DUBAI, United Arab Emirates (AP) -- Iran injected uranium gas into centrifuges at its underground Fordo nuclear complex early Thursday, taking its most-significant step away from its 2015 nuclear deal with world powers.
Tehran meanwhile also acknowledged blocking an official from the International Atomic Energy Agency from visiting its nuclear site at Natanz last week, the first known case of a United Nations inspector being blocked amid heightened tensions over its atomic program.
These latest steps put additional pressure on Europe to offer Iran a way to sell its crude oil abroad despite the U.S. sanctions imposed on the country since President Donald Trump unilaterally withdrew America from the nuclear deal over a year ago.
The gas injection began after midnight at Fordo, a facility built under a mountain north of the Shiite holy city of Qom, the Atomic Energy Organization of Iran said. A UN official from the IAEA witnessed the injection, it said. The centrifuges ultimately will begin enriching uranium up to 4.5%, which is just beyond the limits of the nuclear deal, but nowhere near weapons-grade levels of 90%.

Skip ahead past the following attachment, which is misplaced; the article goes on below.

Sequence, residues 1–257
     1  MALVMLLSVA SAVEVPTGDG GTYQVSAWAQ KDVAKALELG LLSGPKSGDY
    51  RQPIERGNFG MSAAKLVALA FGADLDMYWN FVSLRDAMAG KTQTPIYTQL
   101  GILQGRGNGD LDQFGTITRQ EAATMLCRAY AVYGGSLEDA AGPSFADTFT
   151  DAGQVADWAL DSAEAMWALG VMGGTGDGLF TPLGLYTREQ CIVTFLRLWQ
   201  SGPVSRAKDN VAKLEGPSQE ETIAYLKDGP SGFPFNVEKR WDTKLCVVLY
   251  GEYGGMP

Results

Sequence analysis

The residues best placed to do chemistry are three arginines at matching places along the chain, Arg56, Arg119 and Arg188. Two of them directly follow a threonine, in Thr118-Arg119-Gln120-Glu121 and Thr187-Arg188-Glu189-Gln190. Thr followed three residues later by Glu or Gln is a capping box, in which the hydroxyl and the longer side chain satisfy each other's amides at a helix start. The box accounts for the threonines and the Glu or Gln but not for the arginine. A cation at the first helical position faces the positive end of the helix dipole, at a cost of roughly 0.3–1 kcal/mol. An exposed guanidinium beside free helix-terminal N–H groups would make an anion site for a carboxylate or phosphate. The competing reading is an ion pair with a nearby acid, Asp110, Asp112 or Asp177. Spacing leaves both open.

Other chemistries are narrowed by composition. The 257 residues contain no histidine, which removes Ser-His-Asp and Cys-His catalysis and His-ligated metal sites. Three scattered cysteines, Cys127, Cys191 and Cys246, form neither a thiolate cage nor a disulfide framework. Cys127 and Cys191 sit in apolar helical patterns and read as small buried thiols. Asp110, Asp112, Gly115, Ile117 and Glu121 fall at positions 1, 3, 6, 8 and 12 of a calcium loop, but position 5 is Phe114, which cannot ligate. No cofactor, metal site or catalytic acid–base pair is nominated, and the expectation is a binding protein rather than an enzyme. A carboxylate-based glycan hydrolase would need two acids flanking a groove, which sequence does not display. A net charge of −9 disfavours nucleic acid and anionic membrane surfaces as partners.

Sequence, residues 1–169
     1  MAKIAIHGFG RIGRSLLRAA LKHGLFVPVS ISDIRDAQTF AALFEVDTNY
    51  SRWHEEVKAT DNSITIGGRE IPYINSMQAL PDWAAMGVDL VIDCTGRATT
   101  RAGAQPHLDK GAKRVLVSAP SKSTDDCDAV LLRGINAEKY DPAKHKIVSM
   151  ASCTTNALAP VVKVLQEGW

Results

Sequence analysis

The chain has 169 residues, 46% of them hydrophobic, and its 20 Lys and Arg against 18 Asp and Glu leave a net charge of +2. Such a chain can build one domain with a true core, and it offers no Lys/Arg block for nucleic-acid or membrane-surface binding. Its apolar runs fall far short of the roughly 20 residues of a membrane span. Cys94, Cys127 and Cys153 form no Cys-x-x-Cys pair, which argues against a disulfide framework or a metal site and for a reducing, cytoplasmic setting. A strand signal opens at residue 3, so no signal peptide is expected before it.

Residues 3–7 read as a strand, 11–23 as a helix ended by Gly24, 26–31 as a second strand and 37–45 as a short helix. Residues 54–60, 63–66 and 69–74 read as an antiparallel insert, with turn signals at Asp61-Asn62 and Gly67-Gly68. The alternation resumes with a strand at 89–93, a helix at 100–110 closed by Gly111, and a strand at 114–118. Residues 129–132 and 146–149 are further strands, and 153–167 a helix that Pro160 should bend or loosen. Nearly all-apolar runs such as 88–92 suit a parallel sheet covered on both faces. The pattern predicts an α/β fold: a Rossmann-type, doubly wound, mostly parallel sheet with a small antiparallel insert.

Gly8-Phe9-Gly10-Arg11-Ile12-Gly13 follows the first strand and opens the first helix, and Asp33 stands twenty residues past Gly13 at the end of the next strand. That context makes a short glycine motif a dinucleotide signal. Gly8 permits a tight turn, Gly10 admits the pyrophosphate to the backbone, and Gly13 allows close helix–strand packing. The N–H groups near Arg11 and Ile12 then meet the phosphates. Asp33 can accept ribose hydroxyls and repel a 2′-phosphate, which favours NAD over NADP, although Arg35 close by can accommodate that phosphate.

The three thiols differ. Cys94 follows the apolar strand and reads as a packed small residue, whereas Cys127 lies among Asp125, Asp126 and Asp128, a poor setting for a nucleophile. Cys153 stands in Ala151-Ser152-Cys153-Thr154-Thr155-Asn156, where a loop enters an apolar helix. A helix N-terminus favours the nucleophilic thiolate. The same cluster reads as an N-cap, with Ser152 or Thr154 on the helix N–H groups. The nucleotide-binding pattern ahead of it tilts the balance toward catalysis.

Fordo's 1,044 centrifuges previously spun without uranium gas for enrichment under the deal, which saw Iran limit its uranium enrichment in exchange for the lifting of economic sanctions. The deal had called for Fordo to become "a nuclear, physics and technology center."
Iran acknowledged Fordo's existence in 2009 amid a major pressure campaign by Western powers over Tehran's nuclear program. The West feared Iran could use its program to build a nuclear weapon; Iran insists the program is for peaceful purposes.
Meanwhile, the Atomic Energy Organization of Iran said it had blocked a female IAEA inspector from its facility at Natanz, where centrifuges also enrich uranium. Iran said an alarm went off while the woman tried to enter the facility, causing officials there to stop her from going in.
The state-run IRNA news agency, citing Iran's atomic agency, said the woman was stopped "due to concerns over carrying suspicious materials." The inspector later left Iran without completing her visit, it said.
This marks the first known time of Iran blocking an inspector amid the tensions. Iran said it planned to address its decision to block the inspector at a meeting of the IAEA Thursday in Vienna.
Iranian officials repeatedly have stressed the steps taken so far, including going beyond the deal's enrichment and stockpile limitations, could be reversed if Europe offers a way for it to avoid U.S. sanctions choking off its crude oil sales abroad. However, a European trade mechanism has yet to take hold and a French-proposed $15 billion line of credit has not emerged.
The collapse of the nuclear deal coincided with a tense summer of mysterious attacks on oil tankers and Saudi oil facilities that the U.S. blamed on Iran. Tehran denied the allegation, though it did seize oil tankers and shoot down a U.S. military surveillance drone.